# Are two questions that only differ in the desired level of sophistication of the answer duplicates?

This meta discussion is sort of a spin-off from this recent meta discussion about whether or not an asker's age is relevant to a question, and whether or not it should be edited out. Since the issue of age is fraught with multiple issues, I thought it would be good if we isolated this one specific issue and debated it separately here:

If two questions ask for essentially the same thing, and the only difference between them is that the asker of one question specifies they know no physics or math beyond the very basics at all, and the other is a graduate student of physics, are these two questions duplicates?

Obviously there are precisely two positions here, namely "yes" or "no" (excluding a spectrum of "yes in the following cases, no in other cases" positions, of course) which each have some issues we should address:

1. If yes, how should users without the understanding required for currently present answers to a question request answers suited to their level?

2. If yes, should requests for particular levels of explanation in a question be edited out?

3. If no, how finely-grained should we go here? Is "explain like I'm five" substantially different from "explain like I'm ten", or is "I'm an undergraduate physics student" different from "I'm just starting to study physics at university"? What about incommensurable qualifiers of the level of sophistication (e.g. "I'm in Xth grade" vs. "I know only basic physics", with the added bonus of not knowing Xth grade in which country)?

(I'm not seeking for a discussion of whether these incommensurable qualifiers are actual or good measures of "physics level", just what we do with them when askers make them. If it turns out we don't really care for the specified level, discussions about how to specify it are moot, anyway.)

4. If no, do answers that substantially miss the required level of sophistication in either direction constitute not-answers, meaning they should be flagged and deleted? What do we do if someone posts the same answer with the same level to all questions asking about the topic regardless of the specified level?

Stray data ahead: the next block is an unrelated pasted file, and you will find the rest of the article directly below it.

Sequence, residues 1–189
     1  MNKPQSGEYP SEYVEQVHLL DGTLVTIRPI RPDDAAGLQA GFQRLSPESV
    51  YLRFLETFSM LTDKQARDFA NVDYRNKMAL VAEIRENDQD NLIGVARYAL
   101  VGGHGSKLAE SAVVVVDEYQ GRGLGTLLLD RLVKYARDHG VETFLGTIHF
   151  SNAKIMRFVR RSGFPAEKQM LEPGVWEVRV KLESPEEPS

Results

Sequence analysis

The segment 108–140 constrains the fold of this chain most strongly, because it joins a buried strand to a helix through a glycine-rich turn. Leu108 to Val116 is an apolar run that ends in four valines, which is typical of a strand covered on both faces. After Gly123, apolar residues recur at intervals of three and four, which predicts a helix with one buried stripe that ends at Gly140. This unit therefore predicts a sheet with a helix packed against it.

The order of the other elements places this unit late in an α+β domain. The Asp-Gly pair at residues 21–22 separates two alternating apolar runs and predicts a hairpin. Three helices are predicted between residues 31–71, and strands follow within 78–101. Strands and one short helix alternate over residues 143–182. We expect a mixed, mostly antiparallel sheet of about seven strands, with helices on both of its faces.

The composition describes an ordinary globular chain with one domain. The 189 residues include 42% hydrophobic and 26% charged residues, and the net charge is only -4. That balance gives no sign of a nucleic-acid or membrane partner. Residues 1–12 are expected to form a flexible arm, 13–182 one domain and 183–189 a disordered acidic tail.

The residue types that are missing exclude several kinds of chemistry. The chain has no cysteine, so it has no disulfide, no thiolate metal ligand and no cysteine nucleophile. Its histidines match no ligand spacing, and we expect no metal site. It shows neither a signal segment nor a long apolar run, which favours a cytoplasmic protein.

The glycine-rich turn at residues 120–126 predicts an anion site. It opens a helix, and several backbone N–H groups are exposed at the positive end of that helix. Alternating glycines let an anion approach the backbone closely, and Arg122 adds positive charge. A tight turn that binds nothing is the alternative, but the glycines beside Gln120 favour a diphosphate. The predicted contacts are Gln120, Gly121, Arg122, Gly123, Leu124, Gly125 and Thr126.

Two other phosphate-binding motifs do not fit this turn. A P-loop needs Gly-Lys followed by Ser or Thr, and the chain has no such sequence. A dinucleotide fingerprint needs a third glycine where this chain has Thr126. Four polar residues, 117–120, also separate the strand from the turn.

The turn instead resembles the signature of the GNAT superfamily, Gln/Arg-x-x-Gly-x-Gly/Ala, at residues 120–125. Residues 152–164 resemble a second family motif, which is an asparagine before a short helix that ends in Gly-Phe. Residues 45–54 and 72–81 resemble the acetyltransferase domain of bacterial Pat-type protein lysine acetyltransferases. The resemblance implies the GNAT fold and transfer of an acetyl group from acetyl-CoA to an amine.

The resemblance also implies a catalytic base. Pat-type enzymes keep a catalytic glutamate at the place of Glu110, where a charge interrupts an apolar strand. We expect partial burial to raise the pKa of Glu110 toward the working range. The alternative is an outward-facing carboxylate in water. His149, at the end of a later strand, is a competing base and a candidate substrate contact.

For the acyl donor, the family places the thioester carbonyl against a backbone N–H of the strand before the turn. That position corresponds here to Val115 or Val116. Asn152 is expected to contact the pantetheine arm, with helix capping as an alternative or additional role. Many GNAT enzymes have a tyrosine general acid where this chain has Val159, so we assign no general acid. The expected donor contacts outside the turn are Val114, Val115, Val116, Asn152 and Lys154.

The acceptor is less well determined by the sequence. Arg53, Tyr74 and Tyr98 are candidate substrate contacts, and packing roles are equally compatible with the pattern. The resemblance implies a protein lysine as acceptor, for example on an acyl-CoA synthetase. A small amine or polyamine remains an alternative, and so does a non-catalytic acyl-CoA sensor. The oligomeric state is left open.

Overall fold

5. If no, is specifying a level required? If it isn't, is the question without any specified level a duplicate of either of the versions where it is specified, or vice versa?

• If I find more, I'll make sure to fine them before posting them here. – Emilio Pisanty Aug 8 '17 at 1:38
• – AccidentalFourierTransform Aug 8 '17 at 9:07
• I think you are asking what site policy should be, but this is not clear in your title nor in your question. – sammy gerbil Aug 13 '17 at 19:16
• @sammygerbil I'm not quite following you - what else would I be asking for? – ACuriousMind Aug 13 '17 at 19:44
• You could be asking for an interpretation of what site policy currently is. – sammy gerbil Aug 13 '17 at 19:46

Premise: two posts asking the same question are not, by default, duplicates if they are both explicit about the desired level of sophistication, and they are significantly different levels.

Let us be more precise about what we mean by the italicised words:

• Explicit: the level of the question must be clear in the question itself, not by adding a "I know only basic physics", but by how the question is formulated. This could be archived, for example, by showing some prior research. If OP wants a low-level answer, they must show that they researched about the topic and found the literature too terse (quoting unclear definitions, for example, or by pinpointing some particularly unclear concept in a book/set of lecture notes, etc.). If OP wants a high-level answer, they must specify what they already know, be clear about what definitions they are using, what results can be taken to be known and which cannot (to avoid circular arguments), etc.

• Significantly: this is the tricky part, but I guess we could settle for low-level (high-school/undergrad) vs. high-level (graduate/research level). Anything in-between must be rounded either up or down.

• By default: questions are to not be closed automatically if the topic is the same. They may be closed if reviewers consider that the two previous conditions were not satisfactorily met (OP was not explicit enough about the desired level, or the requested level is not significantly different from the duplicate post).

• Not sure your "by default" is a meaningful qualifier: Nothing is closed automatically, it's always up to the judgement of the individual close voters/reviewers. – ACuriousMind Aug 8 '17 at 11:57